Gillmor slams 60 Minutes for unbalanced look @ copyright  NOV 03 2003

Gillmor slams 60 Minutes for unbalanced look @ copyright issues in the movie biz. Report starts out: "It's no secret that online piracy has decimated the music industry..."

There are 5 reader comments

sjc51 03 2003 7:51PM

"Copyright cartel"? Is this the rhetorical equivalent of M$?

And really, at this point, to be toeing the "file sharing has some perfectly legal uses!" line is just sad.

Begin pointless file-sharing thread with the same tired arguments we've heard for the last three years...now!

megnut30 03 200310:30PM

So am I to understand sjc that you contend there are no legal uses for file sharing? Not even one? This is an honest question and I'm curious to hear your response.

dowingba34 03 200311:34PM

A friend of mine who is a musician once wanted to show me some of his work. Upon transferring the Windows Media File of his recording, I found that Windows MEdia Player wouldn't let me play the file...copyright infringement. My friend was appalled. Seems the only way we could get it to work would be for him to buy the license from himself.

sjc58 04 2003 9:58PM

Meg -

My objection to the legal use approach is that it's disingenuous at best. While under the law - specifically, the VCR precedent - there may be some room to squeak by, it's like calling a bhong a "water pipe." The primary use of file-sharing programs like Kazaa is to get gobs and gobs of MP3s, porn and l33t warezzz. To argue that Kazaa can be used for legal file-sharing doesn't address the massive copyright infringement that's currently happening.

I'm not arguing against file sharing per se - certainly my own drive has MP3s of dubious origin, and it's obviously popular. What I tried to say (in a rather snide fashion, as I typically dread these sorts of discussions) is that by bringing up rhetoric like "copyright cartel" and using an argument like, "File-sharing can be legal!", Gillmor and others who make these same arguments don't do themselves any favors.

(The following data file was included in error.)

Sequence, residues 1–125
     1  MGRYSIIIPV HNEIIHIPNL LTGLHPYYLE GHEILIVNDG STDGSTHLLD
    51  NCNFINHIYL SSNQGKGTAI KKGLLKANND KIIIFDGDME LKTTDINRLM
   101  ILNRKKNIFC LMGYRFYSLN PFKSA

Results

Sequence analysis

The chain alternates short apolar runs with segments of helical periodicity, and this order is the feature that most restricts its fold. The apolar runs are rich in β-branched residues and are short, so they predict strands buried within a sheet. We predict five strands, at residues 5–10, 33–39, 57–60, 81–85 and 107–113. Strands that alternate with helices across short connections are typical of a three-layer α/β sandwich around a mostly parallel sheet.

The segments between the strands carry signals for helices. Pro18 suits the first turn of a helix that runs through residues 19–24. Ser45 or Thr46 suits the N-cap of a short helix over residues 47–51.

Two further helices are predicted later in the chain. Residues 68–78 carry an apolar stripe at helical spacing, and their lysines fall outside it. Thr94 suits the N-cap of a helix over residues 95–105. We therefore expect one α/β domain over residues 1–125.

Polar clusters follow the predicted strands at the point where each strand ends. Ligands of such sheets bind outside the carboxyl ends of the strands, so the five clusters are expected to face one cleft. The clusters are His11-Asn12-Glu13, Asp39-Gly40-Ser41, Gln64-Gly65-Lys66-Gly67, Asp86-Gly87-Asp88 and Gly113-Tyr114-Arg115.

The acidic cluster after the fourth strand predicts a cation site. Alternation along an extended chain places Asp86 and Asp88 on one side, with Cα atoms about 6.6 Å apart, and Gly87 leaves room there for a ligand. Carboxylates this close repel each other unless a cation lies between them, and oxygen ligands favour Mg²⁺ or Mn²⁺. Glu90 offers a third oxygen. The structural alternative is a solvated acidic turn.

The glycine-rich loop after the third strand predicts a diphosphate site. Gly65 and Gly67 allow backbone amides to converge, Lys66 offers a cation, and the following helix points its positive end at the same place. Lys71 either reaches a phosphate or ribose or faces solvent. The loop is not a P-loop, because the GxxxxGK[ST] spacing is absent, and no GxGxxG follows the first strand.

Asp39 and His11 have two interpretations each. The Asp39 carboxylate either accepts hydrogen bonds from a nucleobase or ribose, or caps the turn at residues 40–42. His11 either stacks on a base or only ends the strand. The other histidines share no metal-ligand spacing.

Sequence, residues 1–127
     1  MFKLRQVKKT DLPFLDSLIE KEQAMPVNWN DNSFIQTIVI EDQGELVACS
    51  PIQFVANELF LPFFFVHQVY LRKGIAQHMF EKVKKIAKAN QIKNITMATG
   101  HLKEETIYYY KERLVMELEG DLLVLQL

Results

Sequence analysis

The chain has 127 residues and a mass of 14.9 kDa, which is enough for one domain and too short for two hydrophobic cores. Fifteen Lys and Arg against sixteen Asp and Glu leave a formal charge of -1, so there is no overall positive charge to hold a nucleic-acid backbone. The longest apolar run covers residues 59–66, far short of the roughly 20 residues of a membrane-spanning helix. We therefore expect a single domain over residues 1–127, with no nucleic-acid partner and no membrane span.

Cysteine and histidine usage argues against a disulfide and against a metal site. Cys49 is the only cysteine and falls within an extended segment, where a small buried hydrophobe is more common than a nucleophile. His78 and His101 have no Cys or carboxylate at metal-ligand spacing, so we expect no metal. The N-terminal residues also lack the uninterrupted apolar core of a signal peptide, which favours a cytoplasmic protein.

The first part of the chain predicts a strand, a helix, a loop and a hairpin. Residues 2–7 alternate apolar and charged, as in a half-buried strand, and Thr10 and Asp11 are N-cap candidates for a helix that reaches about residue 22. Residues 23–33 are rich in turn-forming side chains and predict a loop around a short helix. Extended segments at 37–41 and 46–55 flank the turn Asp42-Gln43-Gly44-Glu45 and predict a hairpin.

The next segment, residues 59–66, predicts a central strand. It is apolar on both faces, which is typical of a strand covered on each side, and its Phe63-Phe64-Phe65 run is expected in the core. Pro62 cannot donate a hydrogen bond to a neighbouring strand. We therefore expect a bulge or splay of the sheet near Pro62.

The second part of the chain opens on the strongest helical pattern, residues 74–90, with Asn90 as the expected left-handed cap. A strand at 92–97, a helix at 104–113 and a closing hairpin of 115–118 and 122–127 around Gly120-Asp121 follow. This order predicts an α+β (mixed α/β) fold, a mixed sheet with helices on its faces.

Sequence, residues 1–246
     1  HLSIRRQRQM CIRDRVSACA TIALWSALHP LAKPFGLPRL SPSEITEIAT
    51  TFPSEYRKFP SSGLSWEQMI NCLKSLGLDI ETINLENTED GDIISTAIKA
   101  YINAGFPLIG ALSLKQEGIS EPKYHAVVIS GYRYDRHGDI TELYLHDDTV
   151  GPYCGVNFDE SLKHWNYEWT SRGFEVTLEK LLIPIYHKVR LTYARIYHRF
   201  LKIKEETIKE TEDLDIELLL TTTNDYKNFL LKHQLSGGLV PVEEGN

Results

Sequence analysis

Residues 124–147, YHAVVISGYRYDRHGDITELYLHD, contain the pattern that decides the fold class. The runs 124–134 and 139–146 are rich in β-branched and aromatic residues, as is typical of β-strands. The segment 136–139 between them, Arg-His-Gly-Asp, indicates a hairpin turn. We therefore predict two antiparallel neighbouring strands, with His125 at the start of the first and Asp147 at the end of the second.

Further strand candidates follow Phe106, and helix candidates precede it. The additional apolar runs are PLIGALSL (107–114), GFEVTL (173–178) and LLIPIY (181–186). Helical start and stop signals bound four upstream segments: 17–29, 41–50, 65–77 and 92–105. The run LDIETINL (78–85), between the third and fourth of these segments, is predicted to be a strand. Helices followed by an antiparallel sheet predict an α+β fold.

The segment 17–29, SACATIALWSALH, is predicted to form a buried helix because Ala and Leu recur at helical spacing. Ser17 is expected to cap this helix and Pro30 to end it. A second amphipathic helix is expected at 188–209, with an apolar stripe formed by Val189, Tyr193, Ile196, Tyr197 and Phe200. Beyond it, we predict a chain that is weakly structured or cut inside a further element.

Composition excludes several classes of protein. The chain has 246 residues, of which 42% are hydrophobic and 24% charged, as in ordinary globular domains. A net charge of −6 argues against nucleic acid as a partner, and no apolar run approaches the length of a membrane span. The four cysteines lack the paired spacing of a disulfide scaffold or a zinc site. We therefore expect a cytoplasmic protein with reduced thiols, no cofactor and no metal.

Something more productive would be to directly acknowledge the fact that people like downloading music. Actually, people like downloading music for free, and while the iTunes Music Store and Napster might stem that tide, free always trumps cheap. There's probably no solution, but Gillmor's article completely avoids the central problem with file-sharing - the massive duplication of copyrighted content without compensation to the copyright holders (the ethics of which are a completely separate discussion) - by branding media companies as "cartels" out to hassle Joe User who just wants to share his demos with the world. It's lazy debate, and exactly what I'd expect from a columnist from a mid-market paper.

If there's a point to be made regarding file-sharing, it can be made much, much better.

sic32 07 200312:32PM

Hey look, sjc, you delivered the "pointless file-sharing thread with the same tired arguments we've heard for the last three years" that you promised! Thanks!

This thread is closed to new comments. Thanks to everyone who responded.

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